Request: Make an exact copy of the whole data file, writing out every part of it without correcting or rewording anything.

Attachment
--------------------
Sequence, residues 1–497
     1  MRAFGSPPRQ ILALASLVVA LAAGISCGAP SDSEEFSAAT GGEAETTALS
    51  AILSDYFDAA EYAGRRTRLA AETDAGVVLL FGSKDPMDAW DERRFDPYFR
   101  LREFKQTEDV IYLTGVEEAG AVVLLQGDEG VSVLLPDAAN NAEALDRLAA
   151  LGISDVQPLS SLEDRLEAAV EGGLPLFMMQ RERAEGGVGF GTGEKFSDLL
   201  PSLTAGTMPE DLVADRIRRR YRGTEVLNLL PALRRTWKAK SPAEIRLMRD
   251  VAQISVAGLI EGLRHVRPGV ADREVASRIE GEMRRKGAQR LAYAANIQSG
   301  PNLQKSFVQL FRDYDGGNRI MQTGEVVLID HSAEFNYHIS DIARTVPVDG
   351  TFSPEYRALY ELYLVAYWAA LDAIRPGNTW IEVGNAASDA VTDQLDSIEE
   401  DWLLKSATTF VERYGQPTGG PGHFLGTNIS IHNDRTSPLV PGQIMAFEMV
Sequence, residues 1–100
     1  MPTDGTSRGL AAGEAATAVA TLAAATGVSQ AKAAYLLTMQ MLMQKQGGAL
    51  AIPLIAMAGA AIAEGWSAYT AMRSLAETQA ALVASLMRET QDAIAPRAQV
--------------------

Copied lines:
Sequence, residues 1–497
     1  MRAFGSPPRQ ILALASLVVA LAAGISCGAP SDSEEFSAAT GGEAETTALS
    51  AILSDYFDAA EYAGRRTRLA AETDAGVVLL FGSKDPMDAW DERRFDPYFR
   101  LREFKQTEDV IYLTGVEEAG AVVLLQGDEG VSVLLPDAAN NAEALDRLAA
   151  LGISDVQPLS SLEDRLEAAV EGGLPLFMMQ RERAEGGVGF GTGEKFSDLL
   201  PSLTAGTMPE DLVADRIRRR YRGTEVLNLL PALRRTWKAK SPAEIRLMRD
   251  VAQISVAGLI EGLRHVRPGV ADREVASRIE GEMRRKGAQR LAYAANIQSG
   301  PNLQKSFVQL FRDYDGGNRI MQTGEVVLID HSAEFNYHIS DIARTVPVDG
   351  TFSPEYRALY ELYLVAYWAA LDAIRPGNTW IEVGNAASDA VTDQLDSIEE
   401  DWLLKSATTF VERYGQPTGG PGHFLGTNIS IHNDRTSPLV PGQIMAFEMV
Sequence, residues 1–100
     1  MPTDGTSRGL AAGEAATAVA TLAAATGVSQ AKAAYLLTMQ MLMQKQGGAL
    51  AIPLIAMAGA AIAEGWSAYT AMRSLAETQA ALVASLMRET QDAIAPRAQV